20. CSF biomarkers in prediction of cerebral and clinical change in mild cognitive impairment and Alzheimer's disease.

    PubMed

    Fjell, Anders M; Walhovd, Kristine B; Fennema-Notestine, Christine; McEvoy, Linda K; Hagler, Donald J; Holland, Dominic; Brewer, James B; Dale, Anders M

    2010-02-10

    Brain atrophy and altered CSF levels of amyloid beta (Abeta(42)) and the microtubule-associated protein tau are potent biomarkers of Alzheimer's disease (AD)-related pathology. However, the relationship between CSF biomarkers and brain morphometry is poorly understood. Thus, we addressed the following questions. (1) Can CSF biomarker levels explain the morphometric differences between normal controls (NC) and patients with mild cognitive impairment (MCI) or AD? (2) How are CSF biomarkers related to atrophy across the brain? (3) How closely are CSF biomarkers and morphometry related to clinical change [clinical dementia rating sum of boxes (CDR-sb)]? Three hundred seventy participants (105 NC, 175 MCI, 90 AD) from the Alzheimer's Disease Neuroimaging Initiative were studied, of whom 309 were followed for 1 year and 176 for 2 years. Analyses were performed across the entire cortical surface, as well as for 30 cortical and subcortical regions of interest. Results showed that CSF biomarker levels could not account for group differences in brain morphometry at baseline but that CSF biomarker levels showed moderate relationships to longitudinal atrophy rates in numerous brain areas, not restricted to medial temporal structures. Baseline morphometry was at least as predictive of atrophy as were CSF biomarkers. Even MCI patients with levels of Abeta(42) comparable with controls and of p-tau lower than controls showed more atrophy than the controls. Morphometry predicted change in CDR-sb better than did CSF biomarkers. These results indicate that morphometric changes in MCI and AD are not secondary to CSF biomarker changes and that the two types of biomarkers yield complementary information.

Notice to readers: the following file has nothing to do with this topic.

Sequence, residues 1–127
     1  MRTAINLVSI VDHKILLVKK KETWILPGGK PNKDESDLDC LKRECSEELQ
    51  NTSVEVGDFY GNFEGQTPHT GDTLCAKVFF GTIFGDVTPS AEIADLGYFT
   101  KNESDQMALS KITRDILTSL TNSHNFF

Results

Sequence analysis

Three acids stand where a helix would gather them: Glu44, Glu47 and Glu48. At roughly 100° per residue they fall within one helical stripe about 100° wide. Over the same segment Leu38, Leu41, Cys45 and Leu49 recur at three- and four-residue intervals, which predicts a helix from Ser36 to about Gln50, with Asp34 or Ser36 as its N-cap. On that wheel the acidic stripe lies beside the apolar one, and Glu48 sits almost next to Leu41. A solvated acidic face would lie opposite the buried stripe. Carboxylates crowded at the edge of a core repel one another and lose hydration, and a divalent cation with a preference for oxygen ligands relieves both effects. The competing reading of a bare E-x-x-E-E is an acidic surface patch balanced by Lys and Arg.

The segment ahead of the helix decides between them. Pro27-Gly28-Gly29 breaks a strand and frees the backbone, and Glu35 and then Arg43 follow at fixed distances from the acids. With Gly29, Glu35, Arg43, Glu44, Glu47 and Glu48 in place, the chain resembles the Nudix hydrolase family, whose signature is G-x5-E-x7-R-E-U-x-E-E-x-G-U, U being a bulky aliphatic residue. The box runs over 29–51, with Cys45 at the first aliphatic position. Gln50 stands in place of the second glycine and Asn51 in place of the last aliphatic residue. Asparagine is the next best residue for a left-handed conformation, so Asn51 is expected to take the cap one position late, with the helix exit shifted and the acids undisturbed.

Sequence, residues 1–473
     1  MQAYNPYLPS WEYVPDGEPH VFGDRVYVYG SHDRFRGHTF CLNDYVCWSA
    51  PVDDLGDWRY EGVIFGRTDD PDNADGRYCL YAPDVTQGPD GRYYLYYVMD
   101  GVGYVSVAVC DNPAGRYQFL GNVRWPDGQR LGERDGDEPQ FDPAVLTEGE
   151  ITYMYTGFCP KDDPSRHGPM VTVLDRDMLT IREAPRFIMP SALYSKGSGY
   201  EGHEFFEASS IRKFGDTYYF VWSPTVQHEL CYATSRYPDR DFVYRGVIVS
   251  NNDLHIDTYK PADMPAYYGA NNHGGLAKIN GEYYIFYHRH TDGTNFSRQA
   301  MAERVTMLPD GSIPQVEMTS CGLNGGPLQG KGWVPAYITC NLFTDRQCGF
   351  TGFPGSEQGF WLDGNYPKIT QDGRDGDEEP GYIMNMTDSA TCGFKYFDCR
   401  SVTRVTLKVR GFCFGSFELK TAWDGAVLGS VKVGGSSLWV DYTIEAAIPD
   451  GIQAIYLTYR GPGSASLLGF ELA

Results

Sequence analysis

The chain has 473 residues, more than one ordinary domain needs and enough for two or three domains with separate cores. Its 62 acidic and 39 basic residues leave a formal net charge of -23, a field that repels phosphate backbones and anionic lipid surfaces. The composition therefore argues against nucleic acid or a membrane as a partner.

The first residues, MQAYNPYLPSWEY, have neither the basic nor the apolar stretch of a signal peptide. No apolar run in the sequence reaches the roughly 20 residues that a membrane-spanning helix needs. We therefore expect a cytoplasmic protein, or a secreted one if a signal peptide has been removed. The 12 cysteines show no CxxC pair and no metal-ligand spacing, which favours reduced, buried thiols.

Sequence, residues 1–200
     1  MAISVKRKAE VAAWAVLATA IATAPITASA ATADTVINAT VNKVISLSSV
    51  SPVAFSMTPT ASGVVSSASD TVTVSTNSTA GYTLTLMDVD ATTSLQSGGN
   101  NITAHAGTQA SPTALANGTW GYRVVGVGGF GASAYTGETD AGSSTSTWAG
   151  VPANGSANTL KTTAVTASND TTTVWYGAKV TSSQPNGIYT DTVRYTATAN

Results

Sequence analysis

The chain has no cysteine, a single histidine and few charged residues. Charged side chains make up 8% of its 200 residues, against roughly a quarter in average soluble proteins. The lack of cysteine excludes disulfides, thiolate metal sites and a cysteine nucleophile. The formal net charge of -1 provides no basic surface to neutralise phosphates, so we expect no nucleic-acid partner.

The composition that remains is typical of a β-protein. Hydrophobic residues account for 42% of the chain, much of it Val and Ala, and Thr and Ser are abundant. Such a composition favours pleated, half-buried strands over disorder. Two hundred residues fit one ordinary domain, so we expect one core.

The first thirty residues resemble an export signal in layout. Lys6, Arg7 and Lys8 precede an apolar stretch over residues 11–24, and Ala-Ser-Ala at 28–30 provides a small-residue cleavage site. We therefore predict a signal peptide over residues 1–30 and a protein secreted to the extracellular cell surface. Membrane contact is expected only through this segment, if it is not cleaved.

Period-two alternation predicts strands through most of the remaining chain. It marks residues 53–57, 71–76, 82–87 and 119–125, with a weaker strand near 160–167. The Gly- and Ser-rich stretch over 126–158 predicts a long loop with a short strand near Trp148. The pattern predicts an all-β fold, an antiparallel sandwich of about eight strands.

1. Repeated Social Stress Increases Reward Salience and Impairs Encoding of Prediction by Rat Locus Coeruleus Neurons

    PubMed Central

    Chaijale, Nayla N; Snyder, Kevin; Arner, Jay; Curtis, Andre L; Valentino, Rita J

    2015-01-01